Things are very different when two events are not independent: If one connects one coin to another with sticky tape (which allows some movement but does favor both coins coming up in the same direction), then if one comes up heads the probability of the other one following suit is nowhere near .5, and hence the probability of both being heads is not equal to .25.
It follows that by observing the probability of many joint events, we can infer whether we are dealing with two independent coins or a pair that a sneaky experimenter has joined by sticky tape. For now, let’s just replace the coin in the above example with a participant in an experiment, and the logic becomes apparent: if people’s interactions go beyond what one might expect on the basis of statistical combination, then we should not observe independence—that is, the observed team performance should not be predicable from individual performance by application of something analogous to simple multiplication (people are different from coins, so the way in which independence manifests itself is different from that for coins, but the idea is the same).
Using that logic of inference, Brennan and Enns observed performance in a visual search task under various different combinations of individual and team performance. The figure below shows their display, consisting of more than 80 objects and four targets, some number of which might be present in the shelf.
The task is to search for the targets in the display and determine how many of the 4 are present (the answer could be 0, 1, or 2).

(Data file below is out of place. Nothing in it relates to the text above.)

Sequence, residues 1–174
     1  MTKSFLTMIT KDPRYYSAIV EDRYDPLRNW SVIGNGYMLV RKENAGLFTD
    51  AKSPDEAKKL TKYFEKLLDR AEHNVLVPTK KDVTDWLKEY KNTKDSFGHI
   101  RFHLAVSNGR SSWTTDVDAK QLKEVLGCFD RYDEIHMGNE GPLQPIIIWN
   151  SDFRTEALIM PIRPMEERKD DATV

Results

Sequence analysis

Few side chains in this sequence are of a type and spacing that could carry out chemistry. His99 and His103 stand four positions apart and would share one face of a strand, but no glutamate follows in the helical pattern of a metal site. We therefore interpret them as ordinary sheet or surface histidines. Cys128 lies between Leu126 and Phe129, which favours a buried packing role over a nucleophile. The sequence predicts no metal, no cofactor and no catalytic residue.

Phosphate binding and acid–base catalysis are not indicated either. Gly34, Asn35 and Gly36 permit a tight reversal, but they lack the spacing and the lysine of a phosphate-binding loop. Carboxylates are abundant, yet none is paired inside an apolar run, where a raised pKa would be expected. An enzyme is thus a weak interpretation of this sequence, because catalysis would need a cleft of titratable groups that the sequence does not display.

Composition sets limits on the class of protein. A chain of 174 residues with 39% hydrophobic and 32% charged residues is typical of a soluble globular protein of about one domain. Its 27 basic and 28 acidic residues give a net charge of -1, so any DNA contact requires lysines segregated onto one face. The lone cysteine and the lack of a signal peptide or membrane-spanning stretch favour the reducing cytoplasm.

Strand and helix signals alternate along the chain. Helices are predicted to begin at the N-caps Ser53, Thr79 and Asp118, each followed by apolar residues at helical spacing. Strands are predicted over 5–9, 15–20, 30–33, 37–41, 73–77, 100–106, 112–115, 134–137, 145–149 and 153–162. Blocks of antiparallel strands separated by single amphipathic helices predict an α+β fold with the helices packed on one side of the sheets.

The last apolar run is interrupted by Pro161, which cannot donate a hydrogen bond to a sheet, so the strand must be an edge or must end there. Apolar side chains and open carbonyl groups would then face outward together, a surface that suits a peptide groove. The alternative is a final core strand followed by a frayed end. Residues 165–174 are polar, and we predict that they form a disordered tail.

Try it now, and if you can stick your head together with someone else, all the better.
In the study by Brennan and Enns, people performed this visual search task twice, once on their own and once with their partnered participant. On each occasion participants went through many trials. Because the task was relatively simple, emphasis was on the time people took to report how many targets were present: On most trials, the correct number was reported, so accuracy was of lesser concern than response time. Response times were also required because the mathematical tool that was used to determine whether or not social interaction benefited team performance was based on response latencies.
Interpretation of the results focused on whether or not team performance could be predicted from the same participants’ individual performance on the basis of independence—that is, were the “coins” independent or were they joined at the hip, so to speak, when performing the task?
Brennan and Enns found that the benefit of team performance was a clear result of social interaction. Two heads were better than one, not just because of the statistical facilitation of response times, but because being together added value to the team’s performance.
Moreover, buttressing this principal conclusion, the magnitude of the team advantage was strongly associated with the degree of social affiliation between pair members: Participants were recruited as pairs of friends but of course the depth of friendship differed between pairs and was measured through a questionnaire. The greater the friendship, the better the two heads did relative to just one person on their own.
Unlike previous demonstrations of superior team performance, the study by Brennan and Enns was the first to pin down by rigorous mathematical means that there was more to the team advantage than statistical facilitation.
So if you haven’t found the targets in the above picture yet, call your best friend to come over and try again.